Although the genetic sex of an individual is determined at fertilization, it is at the embryonic stage that the sexual differentiation of the reproductive system begins. The primordial gonad is bipotential and can differentiate into a testis or an ovary, depending on the SRY gene located in the short arm of the Y-chromosome. The absence of SRY permits the bipotential gonad to differentiate into an ovary at the eighth week of the embryo, leading to the female phenotype. The mutation, deletion or translocation of SRY can affect the binding of the SRY proteins with DNA, and consequently contribute to sex reversal (3). In the present case, the patient with a positive SRY gene on the Y-chromosome had no testes, but had an ovarian cortex and hypoplastic female external genitalia. This finding indicates that the SRY gene is not the only gene responsible for testis development, and there may be other genes besides the SRY gene involved as well (4). Duplication of the DAX1 (also known as NR0B1) and WNT4 genes, as well as haploinsufficiency of the SOX9, SF1, WT1 and DMRT1-DMRT2 genes, have been considered responsible for the development of 46,XY sex reversal (5,6) and therefore the SRY gene does not play a significant role in the etiology of the disease in this case. No gene deletions including sY84, sY86, sY127, sY134, sY254 and sY255 loci of the SRY gene were detected; future studies are required to focus on other loci of the SRY gene. Although no genetic abnormality was detected in this patient, there may be abnormalities in the content and function of SRY protein, which may result in the lack of testis development and the lack of secretion of testosterone and Müllerian-inhibiting factor. As a result, the Wolffian duct degenerates and does not differentiate into the male reproductive tract. By contrast, in the absence of Müllerian-inhibiting factor, the Müllerian duct differentiates into the oviducts, uterus, cervix and upper vagina. However, such female patients without the presence of XX chromosomes do not have a properly developed uterus or ovary, which is characterized by primary amenorrhea, high height, poorly developed secondary sex characteristics and external genitalia. The discordance between chromosomal and gonadal sex is determined as SRS (4), including 46,XX male and 46,XY female SRS.
The undeveloped primordial gonad does not have a normal physiological function, and thus has a potential risk of malignancy. Patients with chromosomal disorders of sex development (DSD) that have specific Y-chromosomal material in their karyotype, the gonadoblastoma on the Y-chromosome (GBY) region, have an increased risk of developing GCC (7). GCC risk varies, but is estimated to be >30% in patients with simple gonadal dysgenesis and is often bilateral (8).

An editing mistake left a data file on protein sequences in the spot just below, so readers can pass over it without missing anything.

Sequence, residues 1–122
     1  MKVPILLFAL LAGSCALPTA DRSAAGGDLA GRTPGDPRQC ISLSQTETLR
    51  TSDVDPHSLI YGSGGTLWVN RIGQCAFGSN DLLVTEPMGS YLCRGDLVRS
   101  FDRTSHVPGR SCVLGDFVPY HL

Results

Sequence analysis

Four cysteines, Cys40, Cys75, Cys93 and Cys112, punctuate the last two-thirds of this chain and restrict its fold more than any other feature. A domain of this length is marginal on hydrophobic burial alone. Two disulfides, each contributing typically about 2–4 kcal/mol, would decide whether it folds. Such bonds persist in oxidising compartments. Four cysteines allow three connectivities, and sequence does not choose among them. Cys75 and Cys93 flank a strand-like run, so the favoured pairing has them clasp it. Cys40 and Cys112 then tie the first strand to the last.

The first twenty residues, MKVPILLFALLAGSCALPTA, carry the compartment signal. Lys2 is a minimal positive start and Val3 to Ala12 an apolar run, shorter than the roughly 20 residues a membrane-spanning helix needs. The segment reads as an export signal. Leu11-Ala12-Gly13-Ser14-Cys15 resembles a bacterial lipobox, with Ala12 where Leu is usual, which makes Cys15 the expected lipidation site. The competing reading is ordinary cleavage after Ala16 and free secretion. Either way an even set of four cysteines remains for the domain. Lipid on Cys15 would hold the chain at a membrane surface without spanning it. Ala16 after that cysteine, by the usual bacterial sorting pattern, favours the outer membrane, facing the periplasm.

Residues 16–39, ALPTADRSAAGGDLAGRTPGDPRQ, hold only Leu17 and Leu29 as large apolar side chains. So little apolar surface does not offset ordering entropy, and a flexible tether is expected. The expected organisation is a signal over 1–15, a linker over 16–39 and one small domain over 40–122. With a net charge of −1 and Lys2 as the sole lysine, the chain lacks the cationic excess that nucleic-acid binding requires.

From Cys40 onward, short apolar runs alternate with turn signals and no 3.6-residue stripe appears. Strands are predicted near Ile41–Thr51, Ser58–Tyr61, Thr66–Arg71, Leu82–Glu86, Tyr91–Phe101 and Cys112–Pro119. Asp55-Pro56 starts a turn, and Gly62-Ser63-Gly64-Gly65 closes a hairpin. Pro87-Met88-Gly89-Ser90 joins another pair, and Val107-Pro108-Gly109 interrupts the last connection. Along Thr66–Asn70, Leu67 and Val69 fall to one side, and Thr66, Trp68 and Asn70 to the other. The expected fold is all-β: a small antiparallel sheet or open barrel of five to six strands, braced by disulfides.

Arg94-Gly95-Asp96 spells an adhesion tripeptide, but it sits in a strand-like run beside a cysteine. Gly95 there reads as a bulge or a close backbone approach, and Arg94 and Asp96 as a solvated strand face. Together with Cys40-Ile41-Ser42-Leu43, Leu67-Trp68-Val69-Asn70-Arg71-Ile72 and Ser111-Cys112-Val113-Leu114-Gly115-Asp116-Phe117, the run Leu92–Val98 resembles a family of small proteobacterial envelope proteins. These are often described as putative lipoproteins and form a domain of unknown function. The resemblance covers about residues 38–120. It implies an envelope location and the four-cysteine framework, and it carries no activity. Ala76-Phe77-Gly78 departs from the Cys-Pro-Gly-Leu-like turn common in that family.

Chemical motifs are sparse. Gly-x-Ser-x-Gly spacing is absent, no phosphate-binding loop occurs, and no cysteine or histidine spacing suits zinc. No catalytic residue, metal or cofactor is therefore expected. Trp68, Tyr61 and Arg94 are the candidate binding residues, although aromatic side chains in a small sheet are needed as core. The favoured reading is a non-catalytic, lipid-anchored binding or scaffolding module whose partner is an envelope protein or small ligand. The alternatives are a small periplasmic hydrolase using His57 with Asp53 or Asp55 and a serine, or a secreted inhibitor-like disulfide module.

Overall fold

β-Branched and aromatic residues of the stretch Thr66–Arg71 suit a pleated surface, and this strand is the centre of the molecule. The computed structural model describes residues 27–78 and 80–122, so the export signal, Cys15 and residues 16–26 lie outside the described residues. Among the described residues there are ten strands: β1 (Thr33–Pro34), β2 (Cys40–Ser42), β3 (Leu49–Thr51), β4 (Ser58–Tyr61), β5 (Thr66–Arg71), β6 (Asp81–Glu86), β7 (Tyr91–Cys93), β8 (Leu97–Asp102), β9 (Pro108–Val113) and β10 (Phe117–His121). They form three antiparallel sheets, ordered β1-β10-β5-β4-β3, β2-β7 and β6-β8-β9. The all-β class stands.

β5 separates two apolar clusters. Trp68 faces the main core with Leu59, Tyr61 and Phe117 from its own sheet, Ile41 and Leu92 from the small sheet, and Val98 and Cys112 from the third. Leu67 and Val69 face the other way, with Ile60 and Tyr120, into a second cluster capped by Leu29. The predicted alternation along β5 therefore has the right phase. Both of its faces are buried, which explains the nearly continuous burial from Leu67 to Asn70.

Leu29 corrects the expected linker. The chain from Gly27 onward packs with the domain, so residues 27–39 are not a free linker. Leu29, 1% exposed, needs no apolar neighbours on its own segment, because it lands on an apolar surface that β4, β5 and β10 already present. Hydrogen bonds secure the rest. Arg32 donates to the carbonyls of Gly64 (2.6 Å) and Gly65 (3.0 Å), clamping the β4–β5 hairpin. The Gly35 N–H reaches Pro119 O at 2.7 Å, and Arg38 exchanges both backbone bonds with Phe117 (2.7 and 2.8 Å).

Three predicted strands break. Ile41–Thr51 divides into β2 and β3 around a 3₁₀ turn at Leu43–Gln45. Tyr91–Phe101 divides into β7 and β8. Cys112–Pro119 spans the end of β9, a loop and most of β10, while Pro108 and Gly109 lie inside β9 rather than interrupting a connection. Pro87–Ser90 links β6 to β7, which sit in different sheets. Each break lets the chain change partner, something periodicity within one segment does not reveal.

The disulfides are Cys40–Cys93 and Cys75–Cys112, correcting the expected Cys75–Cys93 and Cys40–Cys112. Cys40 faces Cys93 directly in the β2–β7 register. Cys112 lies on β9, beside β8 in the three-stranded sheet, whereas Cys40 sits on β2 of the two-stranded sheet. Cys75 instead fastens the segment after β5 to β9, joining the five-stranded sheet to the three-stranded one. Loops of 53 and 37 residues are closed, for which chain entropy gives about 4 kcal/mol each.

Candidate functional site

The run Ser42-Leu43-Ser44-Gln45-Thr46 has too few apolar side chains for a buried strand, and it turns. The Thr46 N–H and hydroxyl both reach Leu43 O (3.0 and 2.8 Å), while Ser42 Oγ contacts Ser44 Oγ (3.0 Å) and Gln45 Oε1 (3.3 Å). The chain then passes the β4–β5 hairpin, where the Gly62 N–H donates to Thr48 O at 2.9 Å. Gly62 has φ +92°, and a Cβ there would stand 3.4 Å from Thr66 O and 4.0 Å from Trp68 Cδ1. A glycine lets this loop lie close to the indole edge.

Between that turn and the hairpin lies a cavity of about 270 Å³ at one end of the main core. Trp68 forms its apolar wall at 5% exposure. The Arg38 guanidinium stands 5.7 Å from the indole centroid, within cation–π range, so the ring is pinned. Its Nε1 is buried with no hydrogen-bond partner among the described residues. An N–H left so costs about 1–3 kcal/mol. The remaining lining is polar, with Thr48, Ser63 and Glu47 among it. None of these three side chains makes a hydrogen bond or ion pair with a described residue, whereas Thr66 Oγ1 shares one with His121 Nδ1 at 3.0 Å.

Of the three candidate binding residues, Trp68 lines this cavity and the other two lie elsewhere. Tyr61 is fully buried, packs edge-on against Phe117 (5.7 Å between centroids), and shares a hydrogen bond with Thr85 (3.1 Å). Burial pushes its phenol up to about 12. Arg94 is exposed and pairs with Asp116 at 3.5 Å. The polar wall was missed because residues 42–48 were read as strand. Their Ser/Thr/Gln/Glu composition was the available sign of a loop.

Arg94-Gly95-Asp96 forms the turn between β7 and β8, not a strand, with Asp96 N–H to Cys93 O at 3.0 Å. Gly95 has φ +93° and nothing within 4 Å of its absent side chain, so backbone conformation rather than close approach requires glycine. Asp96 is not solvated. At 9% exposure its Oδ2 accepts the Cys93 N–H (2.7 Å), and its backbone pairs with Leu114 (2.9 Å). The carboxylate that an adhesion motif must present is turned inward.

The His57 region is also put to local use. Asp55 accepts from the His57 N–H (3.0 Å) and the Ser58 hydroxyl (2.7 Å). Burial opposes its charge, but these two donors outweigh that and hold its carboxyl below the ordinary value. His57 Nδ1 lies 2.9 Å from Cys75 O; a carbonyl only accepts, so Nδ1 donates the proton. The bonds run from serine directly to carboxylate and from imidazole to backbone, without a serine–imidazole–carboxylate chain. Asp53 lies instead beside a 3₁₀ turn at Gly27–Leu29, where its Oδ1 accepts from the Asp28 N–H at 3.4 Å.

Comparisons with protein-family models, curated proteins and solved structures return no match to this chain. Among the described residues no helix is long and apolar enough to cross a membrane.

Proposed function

GCC may be induced by the interaction of abnormal streak gonads with the intra-abdominal environment, or by gene mutation. As a result, gonadectomy should be performed on the diseased side or bilaterally for prophylactic purposes. In the present case, the patient received bilateral gonadectomy. Fig. 1 shows the pathological features of the ovarian gonadoblastoma: the supporting cells and granular cells are arranged around the gonadoblastoma nests, and the mixed cells are at the center of the nests. It is also noted that the intercellular substance is calcified, and thus the section is off-white or grayish yellow, like sandstone. Gonadoblastoma can be either in a pure form or mixed with other germ cell tumors. In 50–60% of cases gonadoblastomas are associated with malignant germ cell tumours, most presented as pure dysgerminom or less frequently as immature teratoma, Yolk sac tumour (9). The mixed gonadoblastoma is potentially malignant and has a poor prognosis. In the present case, the patient was diagnosed as having stage-Ia gonadoblastoma mixed with malignant dysgerminoma in the right ovary, and pure benign gonadoblastoma in the left ovary, as shown in Fig. 2. Follow-up was performed at a fixed interval. In this case, although the chromosomal sex of the SRS patient was male, the patient had female external genitalia and had been living as a female in the preceding years. Thus, estrogen replacement therapy was administered periodically to promote the development of secondary sexual characteristics and menstruation, and at the same time, measures were taken to prevent osteoporosis. It allowed the patient to have a more regular menstrual cycle, and the four year follow-up showed no tumor recurrence.
Gonadoblastoma (magnification, ×400; hematoxylin and eosin staining). The tumor cells, round or ovoid in shape, form nests that vary greatly in size. The nests are surrounded by fibrous connective tissue and have distinct borders. At the center of the nest are large and round germ cells with abundant transparent cytoplasm and deeply stained nucleus. The supporting cells and granular cells, small in size and spindle or ovoid in shape, are arranged in clusters around the nests.
Dysgerminoma (magnification, ×400, hematoxylin and eosin staining). The tumor cells are large in size and round or ovoid in shape, and have distinct borders. The nucleus at the center of the cell is large and round, and nuclear division is often observed. There is abundant transparent cytoplasm. Lymphocyte infiltration is observed in the connective tissue.
This study was supported by the National Natural Science Foundation of China (grant nos. 81303108 and 81201871).